Each of these addresses can store any number of bitcoins and by default, there’s no connection between each address as viewed by an outside party. Compared to the legacy financial system and the Accounts Model, users are usually forced to keep all their funds in a single account that’s tied to their identity.

Inputs, Outputs & Change Addresses

As UTXOs are indivisible, if you wish to spend part of one most wallets automatically create a new bitcoin change address for the transaction. This is the second reason that your address can change.

For example, if you have 9.61351826 BTC in a single UTXO and you want to send 0.0305 BTC to your friend, you’d likely want the remaining change. This is what’s happening below.

An example Bitcoin transaction with two UTXOs

We can see that the input for this transaction which is on the left (9.61351826 BTC) was a UTXO. Now that it has been spent, that UTXO is destroyed and the bitcoins are transferred to the two new UTXOs on the right hand side (0.0305 BTC + 9.58262826 BTC).

The new 9.58262826 BTC UTXO is the change address and obviously, this is a completely new address that’s different to the original 9.61351826 BTC one.

Should You Use The Same Address Or A New Address?

You should always use a new address each time you receive bitcoin. Address reuse is terrible for your privacy and security which is why good wallets automatically give you a new one each time, but why?

The addresses that are assigned to the input and output, as well as the entire transaction itself, are all publicly viewable on the Bitcoin Blockchain.

An example of a simple Bitcoin transaction and fee

So let’s imagine you regularly buy Bitcoin and each week (foolishly) send it to the same single address. After a while you have 10 BTC in it, all with separate UTXOs. Now imagine you want to pay someone 0.01 BTC. Your wallet creates a new transaction using one of the many UTXOs in the 10 BTC address as the input and the 0.01 BTC as the output to the other person.

This person can now look on the public Bitcoin blockchain and see that it came from an address with tons of other UTXOs in it, all totaling 10 BTC! They can essentially see your entire wallet balance!

When you spend funds from an address, it’s also often the case that the receiving party knows your real world identity. So now the person knows who you are, potentially where you live and that you have control over 9.99 BTC, that’s a massive risk for you and your family now.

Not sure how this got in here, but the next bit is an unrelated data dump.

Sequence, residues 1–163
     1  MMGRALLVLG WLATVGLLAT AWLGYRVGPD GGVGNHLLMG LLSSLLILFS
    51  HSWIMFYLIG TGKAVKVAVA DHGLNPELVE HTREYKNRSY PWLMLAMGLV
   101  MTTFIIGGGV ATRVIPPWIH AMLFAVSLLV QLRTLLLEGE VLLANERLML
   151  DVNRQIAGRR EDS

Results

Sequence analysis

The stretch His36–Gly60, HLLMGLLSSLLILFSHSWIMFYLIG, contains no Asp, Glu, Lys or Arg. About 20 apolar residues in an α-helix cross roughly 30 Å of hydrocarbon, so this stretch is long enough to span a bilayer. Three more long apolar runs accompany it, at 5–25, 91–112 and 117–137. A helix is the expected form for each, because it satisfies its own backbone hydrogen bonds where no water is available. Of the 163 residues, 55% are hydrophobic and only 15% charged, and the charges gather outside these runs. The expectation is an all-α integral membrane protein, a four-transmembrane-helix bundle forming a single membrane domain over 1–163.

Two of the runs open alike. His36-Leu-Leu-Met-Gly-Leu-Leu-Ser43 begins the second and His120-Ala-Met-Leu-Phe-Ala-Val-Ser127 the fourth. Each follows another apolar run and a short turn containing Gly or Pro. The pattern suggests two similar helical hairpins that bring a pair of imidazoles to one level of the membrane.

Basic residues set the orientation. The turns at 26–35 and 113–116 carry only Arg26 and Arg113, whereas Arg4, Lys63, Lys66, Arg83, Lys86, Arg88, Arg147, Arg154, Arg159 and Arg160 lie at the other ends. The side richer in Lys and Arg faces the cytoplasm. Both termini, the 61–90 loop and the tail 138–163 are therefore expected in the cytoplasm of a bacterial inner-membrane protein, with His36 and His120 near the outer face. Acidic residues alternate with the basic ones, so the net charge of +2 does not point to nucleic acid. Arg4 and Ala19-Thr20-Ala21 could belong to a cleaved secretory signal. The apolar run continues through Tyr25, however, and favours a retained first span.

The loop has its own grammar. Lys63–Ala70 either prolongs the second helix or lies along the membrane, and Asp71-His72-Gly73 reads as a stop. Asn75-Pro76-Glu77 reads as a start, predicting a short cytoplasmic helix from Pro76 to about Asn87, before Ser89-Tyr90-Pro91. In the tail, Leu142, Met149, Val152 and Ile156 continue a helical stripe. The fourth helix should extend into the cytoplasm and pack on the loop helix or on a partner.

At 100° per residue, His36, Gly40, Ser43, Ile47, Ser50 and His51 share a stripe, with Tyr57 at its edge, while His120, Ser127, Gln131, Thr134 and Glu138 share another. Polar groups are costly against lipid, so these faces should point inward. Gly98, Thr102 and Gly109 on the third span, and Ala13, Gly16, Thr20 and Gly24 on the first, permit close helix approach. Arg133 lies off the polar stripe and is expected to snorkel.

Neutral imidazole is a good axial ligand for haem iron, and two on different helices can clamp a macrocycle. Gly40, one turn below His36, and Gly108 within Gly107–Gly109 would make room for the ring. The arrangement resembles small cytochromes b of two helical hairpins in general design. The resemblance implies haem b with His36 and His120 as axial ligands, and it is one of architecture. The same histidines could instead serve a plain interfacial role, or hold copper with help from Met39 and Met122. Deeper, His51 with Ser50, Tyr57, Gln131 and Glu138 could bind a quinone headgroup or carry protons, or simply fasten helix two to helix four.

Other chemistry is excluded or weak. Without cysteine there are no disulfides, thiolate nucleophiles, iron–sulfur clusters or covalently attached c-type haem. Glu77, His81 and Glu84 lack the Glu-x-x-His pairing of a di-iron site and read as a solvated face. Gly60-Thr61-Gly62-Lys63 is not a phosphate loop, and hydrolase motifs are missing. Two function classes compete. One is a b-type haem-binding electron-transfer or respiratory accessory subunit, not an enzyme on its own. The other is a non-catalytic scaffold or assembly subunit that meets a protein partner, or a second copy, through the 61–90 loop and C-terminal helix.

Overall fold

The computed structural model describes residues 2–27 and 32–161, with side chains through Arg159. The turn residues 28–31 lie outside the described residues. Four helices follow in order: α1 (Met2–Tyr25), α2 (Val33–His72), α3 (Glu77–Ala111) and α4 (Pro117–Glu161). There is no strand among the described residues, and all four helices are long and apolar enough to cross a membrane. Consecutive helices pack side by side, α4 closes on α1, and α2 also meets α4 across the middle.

If instead you send each of your bitcoin purchases to a new, separate address each week, you can then use Coin Control to chose a single UTXO to send this person your 0.01 BTC. If the person looks at the transaction, all they know is that you had 0.01 BTC and you sent it to them, nothing more.

Other reasons why you shouldn’t reuse addresses also include that it can decrease other peoples privacy, make it easier for Chain Analysis firms to track and de-anonymize your other transactions and can lead to privacy issues as it makes it easier to associate multiple transactions with a single entity

How To Generate A New Bitcoin Wallet Address

Sparrow Wallet

Most modern (and secure) Bitcoin Wallets will automatically create new addresses for you using a standardized process (BIP-0032 / BIP-0039 / BIP-0044) and keep track of your old previously used addresses. Previous addresses that haven’t been spent still remain valid, however if you continue to send bitcoins to them they reduce your privacy.


What Address Type Should You Use To Send And Receive Bitcoin Transactions?

Generally the best address type you should use is the Pay To Witness Public Key Hash (P2WPKH) type. Also called Native SegWit v0 or simply just SegWit, they start with “bc1q”. This address types doesn’t use mixed case and are thus, case insensitive. This not only gives a cleaner look, but also reduces mistakes too. They also have built in error correction and are smaller, so will cost you less in mining fees.

How Often Does A Bitcoin Address Change?

Every time you spend or receive funds it’s likely that your address will change. Addresses should be thought of as a one time use only thing, where you only send one “chunk” of bitcoins to it and then fully spend all of them at a later date. After this one use, it’s never touched again.

Is My Bitcoin Address Permanent?

No. Each bitcoin address is generated using you wallets Public Key (xPub) and your wallet can created essentially unlimited addresses for you for free.

Do Bitcoin Wallet Addresses Expire?

No. While it is technically possible to receive multiple payments to a single address, doing so is considered bad practice due to privacy concerns and potential security risks. Instead, you should create a new address for each incoming transaction.

Can I Use The Same Bitcoin Address Twice?

Yes. You can use the same Bitcoin address more than once, however, it’s strongly advised against doing so as this can cause serious security and privacy issues. Most modern day wallets will automatically create an address for you so that you only have one address per received transaction.